For contractors who are vetting CPM scheduling consultants as well as those who undertake scheduling, there are some common pitfalls to avoid. Here is a look at the 5 biggest mistakes made in CPM construction scheduling:
The Mistakes You Should Avoid
#1 – Calling on middle management for scheduling responsibilities
Far too often scheduling responsibilities are delegated to middle management despite their lack of expertise and training. In an effort to slim down expenditure and avoid hiring a schedule specialist, general contractors may ask project managers to construct a construction schedule. These in-house schedules are invariably rejected and are often sent back to the drawing board. Not to mention that this bad habit often spirals into another – failing to have the schedule reviewed by a qualified professional. In an effort to avoid scrutiny, mid-level managers may sidestep a third-party review process, opting instead to move forward with a draft filled with flaws.
#2 – Inability to balance overlapping operations
Complex construction projects typically necessitate overlapping operations and aggressive deadlines require schedulers to envision a complex sequence of activities involving numerous trades. Orchestrating overlap however, is full of pitfalls. Too much overlap leads to congestions and declining productivity, while too little implies inefficiency. Executing the perfect balance not only requires conscientious CPM scheduling, it also demands the cooperation of all contracted teams.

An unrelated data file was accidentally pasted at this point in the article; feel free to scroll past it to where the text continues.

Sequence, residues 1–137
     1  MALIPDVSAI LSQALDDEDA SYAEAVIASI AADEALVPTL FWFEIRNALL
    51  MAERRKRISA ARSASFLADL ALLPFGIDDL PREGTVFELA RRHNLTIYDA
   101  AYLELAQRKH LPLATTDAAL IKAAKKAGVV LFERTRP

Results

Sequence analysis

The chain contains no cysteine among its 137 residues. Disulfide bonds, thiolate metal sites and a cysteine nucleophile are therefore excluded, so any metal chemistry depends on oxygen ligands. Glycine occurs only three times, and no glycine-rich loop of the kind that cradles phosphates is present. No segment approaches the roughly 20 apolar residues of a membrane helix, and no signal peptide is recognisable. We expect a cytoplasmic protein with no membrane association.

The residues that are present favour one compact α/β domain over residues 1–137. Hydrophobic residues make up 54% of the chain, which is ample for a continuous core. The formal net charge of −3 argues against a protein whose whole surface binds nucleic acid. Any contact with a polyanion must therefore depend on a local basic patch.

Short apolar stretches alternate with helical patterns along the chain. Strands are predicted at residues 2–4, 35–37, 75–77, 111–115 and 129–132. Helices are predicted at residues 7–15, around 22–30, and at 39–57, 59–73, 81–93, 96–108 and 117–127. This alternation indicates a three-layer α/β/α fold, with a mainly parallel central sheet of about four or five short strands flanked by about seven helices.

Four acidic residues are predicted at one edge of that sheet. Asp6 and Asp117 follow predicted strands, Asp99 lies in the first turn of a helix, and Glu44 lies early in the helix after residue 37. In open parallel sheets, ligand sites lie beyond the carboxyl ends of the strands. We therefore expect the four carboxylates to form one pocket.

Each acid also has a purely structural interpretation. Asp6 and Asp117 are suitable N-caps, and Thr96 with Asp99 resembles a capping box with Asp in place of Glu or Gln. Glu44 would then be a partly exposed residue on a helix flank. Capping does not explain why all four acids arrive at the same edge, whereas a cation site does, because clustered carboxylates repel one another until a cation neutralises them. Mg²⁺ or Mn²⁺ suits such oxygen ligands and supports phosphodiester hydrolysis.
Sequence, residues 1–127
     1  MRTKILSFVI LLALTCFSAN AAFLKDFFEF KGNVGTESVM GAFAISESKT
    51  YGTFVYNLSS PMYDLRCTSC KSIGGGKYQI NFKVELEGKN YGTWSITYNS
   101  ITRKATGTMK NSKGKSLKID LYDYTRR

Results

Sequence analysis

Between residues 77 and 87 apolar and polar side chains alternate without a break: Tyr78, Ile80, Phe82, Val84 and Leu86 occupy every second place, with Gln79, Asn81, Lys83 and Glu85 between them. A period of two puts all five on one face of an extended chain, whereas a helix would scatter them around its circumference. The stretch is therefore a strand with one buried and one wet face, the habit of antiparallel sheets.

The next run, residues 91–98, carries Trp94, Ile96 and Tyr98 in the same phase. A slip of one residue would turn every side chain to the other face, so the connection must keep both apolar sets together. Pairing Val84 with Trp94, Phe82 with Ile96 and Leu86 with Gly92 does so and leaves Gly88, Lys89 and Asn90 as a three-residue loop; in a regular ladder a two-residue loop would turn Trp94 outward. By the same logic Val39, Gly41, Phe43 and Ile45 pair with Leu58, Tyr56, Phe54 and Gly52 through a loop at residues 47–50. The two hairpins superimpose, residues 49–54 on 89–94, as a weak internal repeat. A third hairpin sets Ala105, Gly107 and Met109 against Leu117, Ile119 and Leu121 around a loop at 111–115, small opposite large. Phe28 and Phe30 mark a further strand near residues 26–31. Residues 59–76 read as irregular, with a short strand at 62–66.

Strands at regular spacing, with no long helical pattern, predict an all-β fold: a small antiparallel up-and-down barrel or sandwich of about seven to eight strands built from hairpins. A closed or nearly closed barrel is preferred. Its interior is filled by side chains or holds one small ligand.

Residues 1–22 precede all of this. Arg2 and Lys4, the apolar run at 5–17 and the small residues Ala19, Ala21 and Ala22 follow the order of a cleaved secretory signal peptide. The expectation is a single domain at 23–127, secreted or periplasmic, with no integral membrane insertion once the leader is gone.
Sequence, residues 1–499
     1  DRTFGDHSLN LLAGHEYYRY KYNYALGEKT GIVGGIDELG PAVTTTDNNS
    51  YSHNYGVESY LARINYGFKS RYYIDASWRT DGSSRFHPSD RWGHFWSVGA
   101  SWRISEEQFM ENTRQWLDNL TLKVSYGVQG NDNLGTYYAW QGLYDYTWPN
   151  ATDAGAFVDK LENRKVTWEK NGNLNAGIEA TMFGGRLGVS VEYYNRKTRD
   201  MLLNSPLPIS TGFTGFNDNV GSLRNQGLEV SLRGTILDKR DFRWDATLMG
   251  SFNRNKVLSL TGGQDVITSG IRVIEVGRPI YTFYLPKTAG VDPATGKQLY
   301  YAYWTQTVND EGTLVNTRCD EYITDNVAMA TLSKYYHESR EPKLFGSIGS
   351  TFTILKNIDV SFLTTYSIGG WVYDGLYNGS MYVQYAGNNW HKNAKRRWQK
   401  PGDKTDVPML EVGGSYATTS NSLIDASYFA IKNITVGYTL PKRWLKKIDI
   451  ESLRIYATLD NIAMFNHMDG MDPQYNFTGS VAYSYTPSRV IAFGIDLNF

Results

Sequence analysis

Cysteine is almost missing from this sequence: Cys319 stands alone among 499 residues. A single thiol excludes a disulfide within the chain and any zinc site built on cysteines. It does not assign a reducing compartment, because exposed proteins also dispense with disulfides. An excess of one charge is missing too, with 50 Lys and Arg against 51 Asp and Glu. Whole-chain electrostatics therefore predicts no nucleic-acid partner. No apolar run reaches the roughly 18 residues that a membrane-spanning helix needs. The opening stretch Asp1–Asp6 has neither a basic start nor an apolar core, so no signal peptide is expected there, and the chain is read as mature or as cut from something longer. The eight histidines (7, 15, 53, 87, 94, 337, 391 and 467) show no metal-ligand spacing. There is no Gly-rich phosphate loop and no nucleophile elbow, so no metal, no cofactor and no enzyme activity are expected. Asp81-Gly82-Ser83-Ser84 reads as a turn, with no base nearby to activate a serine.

#3 – Undervaluing field experience
The most successful CPM schedulers are those who immerse themselves in the hammer-swinging reality of the actual building effort. Construction schedulers with field experience are able to visualize the project in real time and command the respect of the contractors and their personnel. Schedulers without on-site experience should make a special effort to involve major trades in the development of the baseline schedule in order to provide this vital perspective.
#4 – Failure to effectively communicate with owners
The critical path method is confusing for many construction professionals, and may be entirely foreign to owners and investors. Presenting construction schedules in a user-friendly format is necessary in order for owners (and their associates) to provide educated opinions during the early stages of scheduling.
#5 – Underestimation of the submittal-approval process
Once the CPM schedule has been created and transmitted into an accessible format, it undergoes an approval process. Construction schedulers tend to severely underestimate the length of this submittal-approval process, which involves detailing, preparation, issuance of submittals & resubmittals. While project specifications typically contain review terms & conditions, inexperienced schedulers may miscalculate the time it takes to achieve full approval.